Falling hopelessly in love is described in the Arabic as basbasa – literally ‘to make sheep’s eyes.’ Why sheep’s eyes are associated with amorous glances is unclear. As an elderly gentleman from Damascus put it, “It means to look at someone…illegally. In a way designed to cause trouble, to make people talk.”
The Italians say fare il filo a qualcuno – literally, ‘to do the string to someone’, this phrase means “to check someone out” or “to have your eye on someone.” Quite different from what “stringing someone along” means in English!
In Yiddish it is bashert – it is the word for the idea of two hearts that were meant to meet, it is fated.
The Romanians say mi-a ramas sufletul la tine – This very romantic Romanian phrase means, “my soul has remained with you,” or “my soul is with you”, to describe the feeling of falling in love. I love that one.
I like men. I like the way they smell. I like the way they think - solution over debate, facts over speculation. I like the hair on their bodies in places that can keep a skinny woman warm. I like the way they like women. I like the way they can talk with their eyes even if they can’t dance. I like the way they laugh. I like the way they continue to make me feel sexy and desirable, even though I am now a woman of a certain age – I appreciate that chaps - I thought it would be all over by now. I love flirting and I appreciate a man who does it well. I like a man of few words and I like a man who can engage in conversation as a blood sport. I like men who send flowers, and I like men who send planes. I like men who are warriors, and I like men who are poets and philosophers. I love a man who loves his wife/girlfriend/fiancée’ and talks about it – nothing sexier. I love men who love children and animals. I appreciate a man who can sing or dance or both, but I love a man who loves opera.
I really like sex, I do. I like the entire package – the pre-foreplay where your chemistry sends out feelers to his chemistry, and the pheromones decide that in spite of the fact that he does not have just the right physical requirements that you list as necessary or preferable, or in spite of the fact he does – something in the mix is right and dance of feints and passes begins.
The Italians use several different ways to get across the idea of sex, and, as in English, the euphemisms have various degrees of offensiveness. To scopare means “to sweep” (the broom is implied in the verb and associated with another tool). Trombare, “to play the trumpet”, is another, and ciulare, “to swipe”, is a third. An especially impolite version is abbiamo trombato come ricci: where the English do this “like rabbits/bunnies”, the Italian animal is the hedgehog – making one think that the passion must be more intense to overcome that animal’s natural defenses.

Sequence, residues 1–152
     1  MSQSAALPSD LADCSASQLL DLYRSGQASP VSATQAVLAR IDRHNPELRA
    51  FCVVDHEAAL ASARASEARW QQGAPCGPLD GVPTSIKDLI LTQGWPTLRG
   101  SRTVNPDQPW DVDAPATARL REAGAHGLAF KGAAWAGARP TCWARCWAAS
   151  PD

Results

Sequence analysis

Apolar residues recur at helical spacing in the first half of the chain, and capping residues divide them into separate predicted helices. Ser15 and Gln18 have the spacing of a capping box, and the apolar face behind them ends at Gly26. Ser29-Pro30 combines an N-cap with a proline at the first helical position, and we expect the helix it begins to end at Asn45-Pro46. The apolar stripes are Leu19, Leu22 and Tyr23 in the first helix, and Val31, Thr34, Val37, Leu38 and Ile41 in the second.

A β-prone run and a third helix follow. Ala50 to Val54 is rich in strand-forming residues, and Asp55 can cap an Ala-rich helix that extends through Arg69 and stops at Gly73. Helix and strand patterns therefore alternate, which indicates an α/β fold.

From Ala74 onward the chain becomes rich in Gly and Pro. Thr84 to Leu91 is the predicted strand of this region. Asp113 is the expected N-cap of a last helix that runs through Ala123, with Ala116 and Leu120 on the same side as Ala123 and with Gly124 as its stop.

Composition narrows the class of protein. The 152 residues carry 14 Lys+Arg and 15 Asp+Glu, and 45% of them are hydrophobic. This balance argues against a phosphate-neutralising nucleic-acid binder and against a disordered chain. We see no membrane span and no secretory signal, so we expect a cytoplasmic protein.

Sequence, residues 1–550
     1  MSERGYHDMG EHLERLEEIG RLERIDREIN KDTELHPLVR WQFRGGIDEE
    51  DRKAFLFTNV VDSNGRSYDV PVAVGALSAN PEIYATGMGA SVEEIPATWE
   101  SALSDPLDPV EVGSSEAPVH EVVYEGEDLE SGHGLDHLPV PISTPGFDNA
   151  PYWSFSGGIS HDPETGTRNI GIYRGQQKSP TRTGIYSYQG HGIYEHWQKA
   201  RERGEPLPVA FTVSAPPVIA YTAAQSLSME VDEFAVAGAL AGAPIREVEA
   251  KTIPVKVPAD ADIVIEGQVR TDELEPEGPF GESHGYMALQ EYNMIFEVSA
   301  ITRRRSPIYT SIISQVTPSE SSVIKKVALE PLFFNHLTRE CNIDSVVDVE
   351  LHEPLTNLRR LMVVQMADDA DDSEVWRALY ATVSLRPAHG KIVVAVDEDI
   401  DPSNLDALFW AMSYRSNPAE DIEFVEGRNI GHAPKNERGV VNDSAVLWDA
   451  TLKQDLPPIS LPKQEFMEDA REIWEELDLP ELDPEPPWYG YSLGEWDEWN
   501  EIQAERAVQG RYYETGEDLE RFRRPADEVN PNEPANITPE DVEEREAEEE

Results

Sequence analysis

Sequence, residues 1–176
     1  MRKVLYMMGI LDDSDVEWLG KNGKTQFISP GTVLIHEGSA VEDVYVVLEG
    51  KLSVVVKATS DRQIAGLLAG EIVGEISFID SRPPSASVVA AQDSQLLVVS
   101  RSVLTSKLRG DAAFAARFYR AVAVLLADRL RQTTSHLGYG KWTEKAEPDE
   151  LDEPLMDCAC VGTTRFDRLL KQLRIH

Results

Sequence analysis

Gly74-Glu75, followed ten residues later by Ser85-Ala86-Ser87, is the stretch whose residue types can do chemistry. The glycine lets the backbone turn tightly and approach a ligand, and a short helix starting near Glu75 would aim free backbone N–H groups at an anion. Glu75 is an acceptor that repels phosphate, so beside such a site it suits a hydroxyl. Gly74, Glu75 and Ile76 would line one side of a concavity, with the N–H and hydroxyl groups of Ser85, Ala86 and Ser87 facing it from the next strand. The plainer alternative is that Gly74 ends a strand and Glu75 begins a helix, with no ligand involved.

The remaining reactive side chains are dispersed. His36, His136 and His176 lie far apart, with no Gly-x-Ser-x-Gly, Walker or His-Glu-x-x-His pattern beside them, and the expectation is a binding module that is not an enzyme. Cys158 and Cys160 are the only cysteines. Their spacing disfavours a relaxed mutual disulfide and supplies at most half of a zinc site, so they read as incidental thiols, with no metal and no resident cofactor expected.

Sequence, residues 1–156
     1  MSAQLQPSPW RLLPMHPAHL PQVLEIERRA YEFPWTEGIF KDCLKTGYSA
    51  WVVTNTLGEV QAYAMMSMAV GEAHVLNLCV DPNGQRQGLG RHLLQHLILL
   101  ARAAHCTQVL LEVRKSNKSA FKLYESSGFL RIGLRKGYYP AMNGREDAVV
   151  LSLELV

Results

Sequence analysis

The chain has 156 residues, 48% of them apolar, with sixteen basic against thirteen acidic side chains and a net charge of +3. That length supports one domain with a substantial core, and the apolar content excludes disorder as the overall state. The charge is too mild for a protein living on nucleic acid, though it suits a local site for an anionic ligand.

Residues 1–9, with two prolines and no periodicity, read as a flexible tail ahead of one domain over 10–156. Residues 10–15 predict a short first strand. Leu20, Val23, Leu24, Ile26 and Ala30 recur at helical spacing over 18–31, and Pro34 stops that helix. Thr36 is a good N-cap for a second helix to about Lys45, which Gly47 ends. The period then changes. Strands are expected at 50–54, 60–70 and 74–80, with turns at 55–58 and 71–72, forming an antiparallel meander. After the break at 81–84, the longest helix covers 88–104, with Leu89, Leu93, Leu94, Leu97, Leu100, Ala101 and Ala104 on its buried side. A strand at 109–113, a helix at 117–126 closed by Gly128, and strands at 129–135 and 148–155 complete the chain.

The French, as usual when it comes to these matters win the word game for me – s’envoyer en l’air is literally “to send yourself up in the air”.
I love that first kiss where you fall into it – gently at first, then questioning, then giving answer to the question asked with your whole being.
I love the physical manifestation: the sweet early morning kind, the hot and sweaty kind, the tearing off your clothes kind, the it’s a gift kind, the pool table kind (personal history), the I’m too tired but its too good to pass up kind, the oh sure I’ll try that once kind, the turning over the furniture kind, the could you excuse us kind, the let’s make a baby kind, and the you are my greatest life’s happiness kind. . I like the power play of who can make the other sigh and be unable to move for an undetermined length of time. I like the exhaustion and energy that come after. No massage in the world can provide the kind of relaxation that comes in the afterglow, and that desire to sing is beyond explanation eh?
Even when you don’t love your partner it’s good, and if you do love them it can be incandescent. It is the most personal kind of communication if you do it right.
The Spanish, a bit over the top as usual when it comes to matters of the heart, cry abrasarse vivo! This expression literally means “burn with passion”. Jean de La Fontaine, the cool, satirical seventeenth-century French writer of fables, mentions a Spanish story he tremendously admired where a young man, in order to get to embrace his woman, burns down the house and carries her out through the flames, making it literally a story of “burning passion”, as well as arson.
Ha’ mouro na costa – “There’s a Moor on the coast!” Obviously a cry of warning – the Moors first invaded Portugal in 711 C.E. and occupied Lisbon and the rest of the country until well into the twelfth century – but no longer of actual Moors. This is exclaimed when someone is in danger of losing their heart.
And to give the French the last word, as is only proper when it comes to matters of the heart, or the libido – a great mystery revealed: the phrase, rouler un patin, is how the French say “to French-kiss”! Literally translated, Je lui ai roule’ un patin means “I rolled a skate to him”.
Why am I on this topic? Well… it could be the fabulous massage with the oil that smelled like musk and sandalwood in a warm and slightly steamy room I had yesterday, or it could be I’m thinking over a proposition I’ve had recently…. Sigh.. I’m just thinking..
*credit to Erin McKean’s “That’s Amore!” for facts on international expressions of love.